The Estimation of Volumetrics Many marketers use product-concept tests to estimate the amount of a product that they will sell. followed by reaction to the product (again simulating marketplace reality). This system assesses the appeal and market potential for products. Other factors considered are awareness (or some surrogate of advertising). but these new methods are part of the evolving growth of product research. based upon the reaction of consumers to both the concept (first … simulating the marketplace reality of advertising first). the market potential analysis calls into play many factors. researchers have developed databases and then models showing the relation between concept scores (before product usage). as well as estimate volume for Years 2 and 3. not just the product itself. Through years of experience. volumetric testing incorporates many more aspects of the marketing mix. These approaches. expanded by Bases (1999) use models that interrelate many of the marketing variables. product scores (during usage). Quite often. There is no search for patterns because these studies concentrate on one product. These market models differ from the developmental models previously discussed because the market models come into play at the end of the development process. respectively.product testing are just in their infancy. the widespread popularity of these test market simulators have led to their use as ‘de facto’ product-concept tests. In contrast to the methods described above. however. Part 3 – Package Design Research . The most widely used volumetric modeling is Bases® II (AC Nielsen Bases. one concept. 1999). Concept scores and product scores are only two of the variables. The jury is out as to what will be found. Unlike conventional product-concept tests that look only at the fit of the product and concept. Bases® II estimates Year 1 sales volume after launch. and the response from many individuals. and estimated volume. and distribution.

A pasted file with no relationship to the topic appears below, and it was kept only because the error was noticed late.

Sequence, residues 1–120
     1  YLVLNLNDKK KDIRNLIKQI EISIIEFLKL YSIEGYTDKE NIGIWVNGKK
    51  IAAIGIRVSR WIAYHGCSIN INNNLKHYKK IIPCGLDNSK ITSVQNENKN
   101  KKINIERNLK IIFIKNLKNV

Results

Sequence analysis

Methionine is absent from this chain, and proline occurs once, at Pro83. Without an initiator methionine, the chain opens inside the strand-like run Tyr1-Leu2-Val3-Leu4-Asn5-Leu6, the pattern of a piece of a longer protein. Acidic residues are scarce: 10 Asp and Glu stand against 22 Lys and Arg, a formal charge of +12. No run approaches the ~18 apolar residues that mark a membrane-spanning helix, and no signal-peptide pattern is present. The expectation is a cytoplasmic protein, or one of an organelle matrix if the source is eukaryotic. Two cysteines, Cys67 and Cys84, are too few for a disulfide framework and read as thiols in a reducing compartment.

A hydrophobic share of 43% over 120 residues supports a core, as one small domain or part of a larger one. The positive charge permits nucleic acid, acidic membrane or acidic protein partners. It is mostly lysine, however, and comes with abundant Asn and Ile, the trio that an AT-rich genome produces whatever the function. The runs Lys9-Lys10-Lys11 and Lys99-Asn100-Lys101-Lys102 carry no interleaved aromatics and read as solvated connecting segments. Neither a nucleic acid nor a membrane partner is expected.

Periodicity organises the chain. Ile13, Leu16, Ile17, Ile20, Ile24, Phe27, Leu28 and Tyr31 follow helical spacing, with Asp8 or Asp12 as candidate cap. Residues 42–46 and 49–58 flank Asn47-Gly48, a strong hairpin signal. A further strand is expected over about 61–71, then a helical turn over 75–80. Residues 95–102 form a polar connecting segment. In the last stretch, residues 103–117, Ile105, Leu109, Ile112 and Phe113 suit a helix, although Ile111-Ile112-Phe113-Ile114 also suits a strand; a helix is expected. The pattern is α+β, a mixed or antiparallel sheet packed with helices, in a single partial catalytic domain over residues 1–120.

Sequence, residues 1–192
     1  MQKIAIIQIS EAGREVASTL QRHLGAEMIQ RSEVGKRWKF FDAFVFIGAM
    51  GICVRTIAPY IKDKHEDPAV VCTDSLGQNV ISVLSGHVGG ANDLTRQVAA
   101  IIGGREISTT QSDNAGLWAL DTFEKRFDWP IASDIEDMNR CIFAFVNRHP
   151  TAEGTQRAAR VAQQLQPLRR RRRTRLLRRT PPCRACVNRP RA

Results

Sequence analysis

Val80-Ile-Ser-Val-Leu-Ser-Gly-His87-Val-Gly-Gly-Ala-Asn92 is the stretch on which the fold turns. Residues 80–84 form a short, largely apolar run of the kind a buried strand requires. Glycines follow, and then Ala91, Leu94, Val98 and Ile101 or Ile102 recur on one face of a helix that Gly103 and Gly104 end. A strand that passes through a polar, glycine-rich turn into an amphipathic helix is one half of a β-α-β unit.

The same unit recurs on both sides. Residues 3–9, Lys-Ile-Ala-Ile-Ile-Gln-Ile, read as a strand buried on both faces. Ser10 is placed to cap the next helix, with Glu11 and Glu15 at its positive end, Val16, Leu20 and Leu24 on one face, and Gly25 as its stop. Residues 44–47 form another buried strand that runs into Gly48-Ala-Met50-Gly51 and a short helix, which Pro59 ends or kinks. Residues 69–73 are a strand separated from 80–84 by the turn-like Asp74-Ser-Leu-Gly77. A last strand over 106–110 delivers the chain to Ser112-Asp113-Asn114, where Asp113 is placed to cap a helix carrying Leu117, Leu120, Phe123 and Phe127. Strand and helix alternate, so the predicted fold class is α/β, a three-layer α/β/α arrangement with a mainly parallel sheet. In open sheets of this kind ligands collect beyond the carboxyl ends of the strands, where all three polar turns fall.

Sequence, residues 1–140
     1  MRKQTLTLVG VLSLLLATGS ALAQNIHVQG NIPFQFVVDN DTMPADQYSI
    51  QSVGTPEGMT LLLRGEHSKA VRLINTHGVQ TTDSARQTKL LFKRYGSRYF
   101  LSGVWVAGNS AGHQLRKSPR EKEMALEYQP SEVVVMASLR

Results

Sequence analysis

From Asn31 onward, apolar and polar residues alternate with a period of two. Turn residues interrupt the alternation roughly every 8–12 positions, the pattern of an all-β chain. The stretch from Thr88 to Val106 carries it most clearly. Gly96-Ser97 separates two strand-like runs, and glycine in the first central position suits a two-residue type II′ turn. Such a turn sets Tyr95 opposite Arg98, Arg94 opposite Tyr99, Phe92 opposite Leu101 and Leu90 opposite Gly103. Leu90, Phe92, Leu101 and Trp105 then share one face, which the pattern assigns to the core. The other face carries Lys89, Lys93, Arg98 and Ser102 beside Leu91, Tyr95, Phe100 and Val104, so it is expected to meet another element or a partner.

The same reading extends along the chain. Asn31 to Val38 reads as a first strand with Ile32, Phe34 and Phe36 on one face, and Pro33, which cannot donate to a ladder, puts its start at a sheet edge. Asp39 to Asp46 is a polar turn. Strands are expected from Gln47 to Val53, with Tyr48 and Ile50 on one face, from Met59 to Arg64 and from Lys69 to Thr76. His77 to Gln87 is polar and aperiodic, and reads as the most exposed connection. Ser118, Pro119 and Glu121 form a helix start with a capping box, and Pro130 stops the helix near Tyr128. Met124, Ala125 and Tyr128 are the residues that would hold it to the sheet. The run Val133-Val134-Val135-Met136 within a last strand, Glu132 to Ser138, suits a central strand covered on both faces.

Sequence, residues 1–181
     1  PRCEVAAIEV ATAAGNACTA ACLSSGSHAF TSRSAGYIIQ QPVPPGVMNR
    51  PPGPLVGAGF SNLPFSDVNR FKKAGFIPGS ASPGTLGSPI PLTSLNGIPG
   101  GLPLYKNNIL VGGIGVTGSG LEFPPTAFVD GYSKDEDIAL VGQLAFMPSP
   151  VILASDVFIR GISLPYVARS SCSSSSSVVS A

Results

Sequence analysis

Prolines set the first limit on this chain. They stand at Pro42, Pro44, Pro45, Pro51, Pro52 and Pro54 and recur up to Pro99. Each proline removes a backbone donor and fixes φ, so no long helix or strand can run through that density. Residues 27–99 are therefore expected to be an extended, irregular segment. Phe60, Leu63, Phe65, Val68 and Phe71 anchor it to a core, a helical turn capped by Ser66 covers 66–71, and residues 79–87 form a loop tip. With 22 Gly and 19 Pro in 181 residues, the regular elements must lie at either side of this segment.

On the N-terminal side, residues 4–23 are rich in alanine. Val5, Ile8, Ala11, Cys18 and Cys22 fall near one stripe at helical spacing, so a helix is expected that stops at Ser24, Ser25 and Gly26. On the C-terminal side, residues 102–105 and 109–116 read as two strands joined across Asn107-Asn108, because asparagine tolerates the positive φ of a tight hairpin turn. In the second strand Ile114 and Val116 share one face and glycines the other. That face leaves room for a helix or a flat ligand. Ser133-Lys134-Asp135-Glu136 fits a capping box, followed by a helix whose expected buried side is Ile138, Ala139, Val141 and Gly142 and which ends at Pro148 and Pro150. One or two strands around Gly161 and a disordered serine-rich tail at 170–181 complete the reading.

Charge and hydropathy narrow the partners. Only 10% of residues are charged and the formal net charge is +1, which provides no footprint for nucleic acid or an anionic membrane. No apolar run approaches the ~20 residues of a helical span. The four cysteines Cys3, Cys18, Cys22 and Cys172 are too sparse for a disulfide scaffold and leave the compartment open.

Part of this lack of research stems from the perception that the package is not particularly important – it is just a vehicle by which to enclose the product (especially in fast moving consumer goods). but by informing your intuition…When your job is to make a product sell itself at the point of sale. [We can compare this dearth of literature to the extremely high volume of literature on advertising testing. which perceive their work as artistic. As a consequence. the package is assuming renewed importance. because that research. commenting on the design of a beer package (1999). A modicum of . however. and researchers are rising to the occasion. and a number of well respected companies specializing in package research. once the bastion of the artist. Package design firms are also adopting a more holistic approach to the design process. research can actually help you create better design – not by dictating color and form.What does the package say about the beer inside?…How should your client position the product?…If you just look at the packages. Typically package designers create packages (either graphics and/or structures) with some objective in mind – such as reinforcing the brand. communicating new benefits. probed and revealed aspects of the package that were important for the designer]. Companies might launch new products. Until recently. [No design house wants consumers to design the package for them]. Today.. so it is immediately more important to be ‘right’]. product. [It should be acknowledged that these design firms always welcomed qualitative research. Package design firms. enhancing the chances that the product will be selected. much of the research done was either qualitative (focus groups) or none at all. are welcoming quantitative research. little attention had been given to the product package. positioning. “Beyond helping you manage clients. and involve their in-house package design professionals as well as outside design houses. and package. perhaps because many more dollars are spent on advertising.A Short Overview Package research is often the neglected child in consumer testing of price. In all of these objectives package testing must provide some idea as to whether or not the new package is successful. According to researchers at Cheskin (a brand identity and design firm). incapable of judgments. Part of the lack of research can be traced to the design houses. with increased competition in many categories. However. there is a paucity of research literature on package design. what would you say about the beer?”… What Should Package Testing Provide? Package testing serves a number of purposes. how do you know that your design will deliver the goods?. although there are scattered articles here and there. The most important purpose for package testing is to confirm or disconfirm the objectives of the package designer. like qualitative in advertising. Manufacturers are sponsoring short in-house courses on the importance of package design..